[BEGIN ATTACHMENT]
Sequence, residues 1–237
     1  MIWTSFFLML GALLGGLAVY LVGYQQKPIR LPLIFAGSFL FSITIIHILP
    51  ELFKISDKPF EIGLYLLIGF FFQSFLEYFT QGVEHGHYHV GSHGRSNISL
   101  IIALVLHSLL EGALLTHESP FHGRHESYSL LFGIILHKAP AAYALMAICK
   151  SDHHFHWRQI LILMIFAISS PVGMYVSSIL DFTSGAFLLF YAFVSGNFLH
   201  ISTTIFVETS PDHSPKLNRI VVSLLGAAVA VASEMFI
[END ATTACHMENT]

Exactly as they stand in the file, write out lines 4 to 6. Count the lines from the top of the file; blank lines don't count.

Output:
   101  IIALVLHSLL EGALLTHESP FHGRHESYSL LFGIILHKAP AAYALMAICK
   151  SDHHFHWRQI LILMIFAISS PVGMYVSSIL DFTSGAFLLF YAFVSGNFLH
   201  ISTTIFVETS PDHSPKLNRI VVSLLGAAVA VASEMFI